The end of the calendar year doesn’t resonate quite so much as a reflective end point for faculty and students, since it falls smack in the middle of the academic year. Nevertheless, another year has nearly passed and a new one begins.
Looking ahead, I suspect one of the constant themes this coming year for postsecondary education in Canada will be one of change. That’s perhaps not an overly bold prediction, but it is notable for an institution – the university – which is so steeped in tradition and wary of change. I think of an address by former University of British Columbia President Martha Piper a couple years ago, where she noted that universities absolutely relish the past:
They’re built on the history of centuries. They pride themselves on not changing. Scholars are taught by scholars who were taught by scholars. Teaching methods and cultural values have been handed down from generation to generation to generation.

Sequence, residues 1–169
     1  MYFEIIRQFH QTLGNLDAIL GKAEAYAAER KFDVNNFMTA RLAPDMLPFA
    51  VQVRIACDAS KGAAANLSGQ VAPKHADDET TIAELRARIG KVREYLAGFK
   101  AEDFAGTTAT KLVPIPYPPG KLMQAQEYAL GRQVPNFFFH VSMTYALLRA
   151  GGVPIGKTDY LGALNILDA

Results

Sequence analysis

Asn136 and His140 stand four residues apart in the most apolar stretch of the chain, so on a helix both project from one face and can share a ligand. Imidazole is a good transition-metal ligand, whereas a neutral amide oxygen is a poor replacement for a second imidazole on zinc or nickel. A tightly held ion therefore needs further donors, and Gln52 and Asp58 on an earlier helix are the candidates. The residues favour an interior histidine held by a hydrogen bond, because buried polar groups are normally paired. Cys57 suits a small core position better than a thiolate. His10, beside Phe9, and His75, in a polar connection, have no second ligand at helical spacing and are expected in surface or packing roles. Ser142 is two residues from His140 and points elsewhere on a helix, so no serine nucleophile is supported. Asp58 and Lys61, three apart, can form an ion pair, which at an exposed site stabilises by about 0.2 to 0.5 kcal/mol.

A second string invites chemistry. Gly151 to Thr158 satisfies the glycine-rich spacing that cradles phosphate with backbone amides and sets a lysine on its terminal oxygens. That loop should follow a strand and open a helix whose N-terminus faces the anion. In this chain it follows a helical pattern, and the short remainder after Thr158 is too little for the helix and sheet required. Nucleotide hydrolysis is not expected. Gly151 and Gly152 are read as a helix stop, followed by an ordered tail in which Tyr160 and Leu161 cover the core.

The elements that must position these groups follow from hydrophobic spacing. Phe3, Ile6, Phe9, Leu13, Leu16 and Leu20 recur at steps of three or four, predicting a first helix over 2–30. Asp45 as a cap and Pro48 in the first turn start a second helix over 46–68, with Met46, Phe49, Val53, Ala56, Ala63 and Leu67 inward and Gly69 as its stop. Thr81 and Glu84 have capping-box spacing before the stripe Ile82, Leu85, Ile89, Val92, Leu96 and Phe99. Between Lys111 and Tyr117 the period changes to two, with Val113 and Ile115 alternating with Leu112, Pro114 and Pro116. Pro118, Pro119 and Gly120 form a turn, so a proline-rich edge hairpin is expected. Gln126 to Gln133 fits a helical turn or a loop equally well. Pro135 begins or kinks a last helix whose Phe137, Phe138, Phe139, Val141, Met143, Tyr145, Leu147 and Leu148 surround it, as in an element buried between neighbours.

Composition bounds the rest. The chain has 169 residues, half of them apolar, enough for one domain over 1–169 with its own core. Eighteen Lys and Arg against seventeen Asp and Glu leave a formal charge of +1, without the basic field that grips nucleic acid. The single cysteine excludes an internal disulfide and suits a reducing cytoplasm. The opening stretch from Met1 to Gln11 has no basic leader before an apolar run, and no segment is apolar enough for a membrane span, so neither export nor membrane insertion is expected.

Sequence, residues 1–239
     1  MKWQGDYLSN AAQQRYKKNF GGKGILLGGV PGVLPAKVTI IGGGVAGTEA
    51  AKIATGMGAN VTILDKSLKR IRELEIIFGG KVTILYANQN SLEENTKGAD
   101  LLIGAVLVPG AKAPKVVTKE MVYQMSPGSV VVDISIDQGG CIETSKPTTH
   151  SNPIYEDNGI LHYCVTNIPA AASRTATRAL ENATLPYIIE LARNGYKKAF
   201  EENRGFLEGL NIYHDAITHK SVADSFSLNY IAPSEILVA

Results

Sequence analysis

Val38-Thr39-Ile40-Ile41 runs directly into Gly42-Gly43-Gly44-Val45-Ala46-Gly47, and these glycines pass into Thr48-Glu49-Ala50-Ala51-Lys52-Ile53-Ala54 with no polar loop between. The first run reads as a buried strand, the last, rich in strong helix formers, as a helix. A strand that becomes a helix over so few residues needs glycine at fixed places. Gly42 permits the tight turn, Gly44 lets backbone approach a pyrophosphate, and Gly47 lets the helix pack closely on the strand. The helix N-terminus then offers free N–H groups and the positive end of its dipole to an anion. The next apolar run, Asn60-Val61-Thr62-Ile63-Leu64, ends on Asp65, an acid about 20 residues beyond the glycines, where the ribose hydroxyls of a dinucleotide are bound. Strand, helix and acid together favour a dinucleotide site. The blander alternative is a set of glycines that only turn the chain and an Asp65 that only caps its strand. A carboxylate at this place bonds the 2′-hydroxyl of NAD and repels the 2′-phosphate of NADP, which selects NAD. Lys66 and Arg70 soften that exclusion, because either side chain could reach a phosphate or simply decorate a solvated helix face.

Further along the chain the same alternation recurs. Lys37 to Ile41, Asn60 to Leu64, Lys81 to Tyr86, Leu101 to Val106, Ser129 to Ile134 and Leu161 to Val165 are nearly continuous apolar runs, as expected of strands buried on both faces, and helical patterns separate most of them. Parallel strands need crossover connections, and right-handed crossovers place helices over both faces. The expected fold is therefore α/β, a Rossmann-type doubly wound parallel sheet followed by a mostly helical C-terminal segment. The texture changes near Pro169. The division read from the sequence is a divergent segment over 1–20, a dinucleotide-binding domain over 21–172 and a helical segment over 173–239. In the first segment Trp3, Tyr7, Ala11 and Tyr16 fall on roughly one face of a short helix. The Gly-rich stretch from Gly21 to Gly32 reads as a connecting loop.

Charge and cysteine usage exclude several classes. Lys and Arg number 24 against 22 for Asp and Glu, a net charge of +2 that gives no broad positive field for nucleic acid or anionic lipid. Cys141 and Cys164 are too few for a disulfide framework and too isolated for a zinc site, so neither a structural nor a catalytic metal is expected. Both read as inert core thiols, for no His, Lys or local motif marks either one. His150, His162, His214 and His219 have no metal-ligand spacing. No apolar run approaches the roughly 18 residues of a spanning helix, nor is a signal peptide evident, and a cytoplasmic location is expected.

But, of course, universities have changed, most notably in terms of the massification of higher education – a term I’d barely heard of a few years ago, but now is in common usage. From an elite institution meant to prepare a small subset of society, it has become a mass phenomenon ostensibly open to all who have the desire and the ability. This, obviously, has enormous implications for universities in terms of resources and approaches to learning. They simply cannot continue to do things as they have in the past and be able to respond to the needs and desires of such a wide and diverse clientele.
Universities are responding, of course, in many different ways. But I think the rollercoaster ride of change has barely begun. Happy New Year.
I completely agree. That is why I’m looking at Royal Roads for my next degree. I want to be moving forward, creating the future, not continuing to entrench the past.